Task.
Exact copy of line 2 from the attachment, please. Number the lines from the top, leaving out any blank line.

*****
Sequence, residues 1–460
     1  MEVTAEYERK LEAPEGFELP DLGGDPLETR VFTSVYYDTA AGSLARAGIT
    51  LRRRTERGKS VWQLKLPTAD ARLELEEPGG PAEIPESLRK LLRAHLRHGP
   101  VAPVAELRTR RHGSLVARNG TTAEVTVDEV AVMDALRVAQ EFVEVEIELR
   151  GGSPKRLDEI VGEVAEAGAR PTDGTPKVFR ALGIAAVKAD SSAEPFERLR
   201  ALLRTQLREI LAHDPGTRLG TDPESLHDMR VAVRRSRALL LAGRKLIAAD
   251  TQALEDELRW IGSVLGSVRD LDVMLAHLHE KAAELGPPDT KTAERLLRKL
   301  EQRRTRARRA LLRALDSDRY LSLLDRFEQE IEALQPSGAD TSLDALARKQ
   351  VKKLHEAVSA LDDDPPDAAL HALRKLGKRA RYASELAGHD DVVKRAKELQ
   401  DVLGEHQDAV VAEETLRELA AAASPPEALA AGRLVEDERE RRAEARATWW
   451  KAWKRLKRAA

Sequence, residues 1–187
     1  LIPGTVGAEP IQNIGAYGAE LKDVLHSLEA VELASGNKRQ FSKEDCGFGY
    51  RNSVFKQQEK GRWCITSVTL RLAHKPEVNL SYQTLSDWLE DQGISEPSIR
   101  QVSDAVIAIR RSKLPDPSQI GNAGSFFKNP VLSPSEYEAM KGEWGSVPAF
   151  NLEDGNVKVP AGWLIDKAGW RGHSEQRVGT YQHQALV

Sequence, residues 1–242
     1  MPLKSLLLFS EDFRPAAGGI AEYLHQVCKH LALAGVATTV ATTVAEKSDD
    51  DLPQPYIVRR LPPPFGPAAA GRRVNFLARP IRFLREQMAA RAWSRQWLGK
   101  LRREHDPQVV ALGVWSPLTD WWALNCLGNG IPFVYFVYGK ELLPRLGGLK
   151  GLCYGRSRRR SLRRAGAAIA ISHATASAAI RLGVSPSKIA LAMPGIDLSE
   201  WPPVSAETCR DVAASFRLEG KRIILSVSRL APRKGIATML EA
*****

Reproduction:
     1  MEVTAEYERK LEAPEGFELP DLGGDPLETR VFTSVYYDTA AGSLARAGIT